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Confronting the challenges of a tiered athletic program

This is an excerpt from Athletic Director’s Desk Reference by Donna Lopiano and Connee Zotos.


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Athletic Director’s Desk Reference.

4.3 Management Tip

A number of challenges are created by adopting a tiered athletic program model: (1) creation of a class system, (2) difficulty in defining the true varsity experience, (3) finding a conference with homogenous competitive aspirations, and (4) denying top-tier designation when teams succeed.

Creation of a Class System

A tiered model in athletics does create an economic class system. The athletes in the top-tier sports are often treated like royalty. They receive many perquisites, practice and play in state-of-the-art facilities, and have access to outstanding coaches who can dramatically affect team and individual success. Simultaneously, athletes in lower-tiered sports may be driving to contests in vans, have part-time coaches, and wear older uniforms. These class systems often create dissonance among student-athletes, coaches, and athletic administrators, which is one of the primary reasons why athletic administrators have failed to formalize the existence of the tiers. But the reality is that student-athletes and coaches have always known which teams were considered flagship programs that have privileges and perquisites and which teams were funded at moderate or base levels. A more sensible approach is to educate the athletes about why these tiers exist rather than pretend that they don’t.

Defining the True Varsity Experience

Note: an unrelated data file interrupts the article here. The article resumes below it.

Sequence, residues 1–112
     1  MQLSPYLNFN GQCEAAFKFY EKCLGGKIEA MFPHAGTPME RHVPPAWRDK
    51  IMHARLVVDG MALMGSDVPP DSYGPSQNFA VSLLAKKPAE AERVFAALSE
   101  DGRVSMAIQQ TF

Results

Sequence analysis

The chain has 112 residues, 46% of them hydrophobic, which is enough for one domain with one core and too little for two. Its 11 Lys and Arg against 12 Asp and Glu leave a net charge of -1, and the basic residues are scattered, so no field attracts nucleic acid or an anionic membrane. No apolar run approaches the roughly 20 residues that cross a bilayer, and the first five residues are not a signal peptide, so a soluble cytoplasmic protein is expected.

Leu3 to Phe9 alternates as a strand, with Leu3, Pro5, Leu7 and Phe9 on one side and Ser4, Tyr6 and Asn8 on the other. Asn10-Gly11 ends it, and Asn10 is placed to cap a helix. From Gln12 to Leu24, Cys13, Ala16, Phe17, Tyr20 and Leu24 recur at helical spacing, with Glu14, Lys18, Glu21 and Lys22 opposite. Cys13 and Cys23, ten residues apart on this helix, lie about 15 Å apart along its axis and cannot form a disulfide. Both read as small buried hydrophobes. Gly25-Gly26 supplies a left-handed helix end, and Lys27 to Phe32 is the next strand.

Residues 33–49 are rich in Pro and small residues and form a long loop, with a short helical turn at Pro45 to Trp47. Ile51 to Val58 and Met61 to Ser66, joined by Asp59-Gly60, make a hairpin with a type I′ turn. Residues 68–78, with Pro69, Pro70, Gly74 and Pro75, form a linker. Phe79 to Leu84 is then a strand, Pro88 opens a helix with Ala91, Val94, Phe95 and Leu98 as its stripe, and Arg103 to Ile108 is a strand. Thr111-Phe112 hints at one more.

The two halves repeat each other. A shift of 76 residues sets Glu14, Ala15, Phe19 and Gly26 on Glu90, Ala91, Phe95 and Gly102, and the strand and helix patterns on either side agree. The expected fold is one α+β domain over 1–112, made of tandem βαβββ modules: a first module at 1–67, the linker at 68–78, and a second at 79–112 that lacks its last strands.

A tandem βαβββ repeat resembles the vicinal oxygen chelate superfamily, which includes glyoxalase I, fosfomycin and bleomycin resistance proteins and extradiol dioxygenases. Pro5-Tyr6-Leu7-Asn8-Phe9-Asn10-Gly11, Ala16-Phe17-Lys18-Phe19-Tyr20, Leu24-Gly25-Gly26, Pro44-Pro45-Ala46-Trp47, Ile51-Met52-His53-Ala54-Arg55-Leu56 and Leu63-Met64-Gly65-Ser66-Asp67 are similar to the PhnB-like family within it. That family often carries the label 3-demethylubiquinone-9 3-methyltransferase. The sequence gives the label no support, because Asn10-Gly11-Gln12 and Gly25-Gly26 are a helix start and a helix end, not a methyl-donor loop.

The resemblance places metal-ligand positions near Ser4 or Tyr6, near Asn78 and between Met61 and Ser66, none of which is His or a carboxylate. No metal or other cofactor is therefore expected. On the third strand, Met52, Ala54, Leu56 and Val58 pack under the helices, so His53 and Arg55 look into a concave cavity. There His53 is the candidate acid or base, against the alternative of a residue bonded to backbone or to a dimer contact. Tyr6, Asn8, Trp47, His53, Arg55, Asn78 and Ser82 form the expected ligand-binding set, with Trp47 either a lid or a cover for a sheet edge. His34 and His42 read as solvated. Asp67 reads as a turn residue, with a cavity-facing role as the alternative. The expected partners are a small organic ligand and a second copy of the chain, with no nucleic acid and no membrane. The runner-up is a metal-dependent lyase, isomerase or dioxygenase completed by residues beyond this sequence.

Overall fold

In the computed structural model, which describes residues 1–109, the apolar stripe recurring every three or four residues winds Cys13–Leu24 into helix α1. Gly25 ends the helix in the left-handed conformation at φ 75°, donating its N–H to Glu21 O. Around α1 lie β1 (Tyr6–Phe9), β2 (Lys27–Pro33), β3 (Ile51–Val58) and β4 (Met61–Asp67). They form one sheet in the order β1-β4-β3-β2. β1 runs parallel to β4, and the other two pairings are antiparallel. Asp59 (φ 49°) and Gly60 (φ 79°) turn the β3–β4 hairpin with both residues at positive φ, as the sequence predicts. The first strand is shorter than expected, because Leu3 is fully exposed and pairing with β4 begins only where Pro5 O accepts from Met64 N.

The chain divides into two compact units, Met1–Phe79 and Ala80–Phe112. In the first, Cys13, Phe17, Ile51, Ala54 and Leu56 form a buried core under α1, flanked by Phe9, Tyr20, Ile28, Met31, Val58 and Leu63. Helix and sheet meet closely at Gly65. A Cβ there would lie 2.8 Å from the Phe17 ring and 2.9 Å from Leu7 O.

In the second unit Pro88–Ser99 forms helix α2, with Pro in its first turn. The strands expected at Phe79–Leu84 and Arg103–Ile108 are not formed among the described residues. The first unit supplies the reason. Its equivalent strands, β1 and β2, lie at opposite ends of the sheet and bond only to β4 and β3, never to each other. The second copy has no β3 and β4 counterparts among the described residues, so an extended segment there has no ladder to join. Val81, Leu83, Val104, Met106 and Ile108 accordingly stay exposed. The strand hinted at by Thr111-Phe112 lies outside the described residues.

The presence of a tiered model raises concerns about the quality of the student-athlete experience for members of teams that are placed in the lowest tiers. Administrators and coaches have to wrestle with the issue of defining the difference between a club sport and a varsity sport experience. When does a varsity sport really become a club sport that relies more on student or volunteer coaches, student fees, fund-raising, and out-of-pocket spending by participants? What minimum amount of funding or support should a high school or university give a team so that student-athletes have a true varsity experience? The line is not always clear. Many institutions struggle to preserve participation opportunities without totally compromising the quality of the experience.

Finding the Right Conference Affiliation

For universities and some private high schools, a dilemma of administering a multitiered model is finding the right competitive fit for all sport programs with regard to conference affiliation. Conferences provide a route to championship competition, guarantees of games, and a sense of identity. An institution may have one or two flagship sports that would be best served by playing in a highly competitive conference. But if the other schools in the conference support all their teams at either a tier I level or tier I and tier II levels, the institution that has four funding tiers may find that their lower-tier sports have no chance of success. Because each institution creates a unique athletic model, finding a set of institutions to compete against in all sports is difficult. If some teams are being continually embarrassed, the administration faces pressure to compress the tiers by providing better funding or it risks igniting the question of quality versus participation opportunities.

Denying Top-Tier Designation to Successful Teams

When a lower-tier sport team exceeds the performance expectations of one or more sport teams located in higher tiers, the system feels immediate pressure to elevate the team’s status or defend not doing so. In such situations, the administration must reflect on the variety of reasons why sports were placed in different tiers. Winning cannot be the only criteria for tier placement. The other reasons for such placement must be resurrected to remind advocates of the overachieving sport that other considerations are involved in tier assignments. Frequently, lower-tier placement is simply a matter of economic limitations.


Read more from Athletic Director’s Desk Reference by Donna Lopiano and Connee Zotos.



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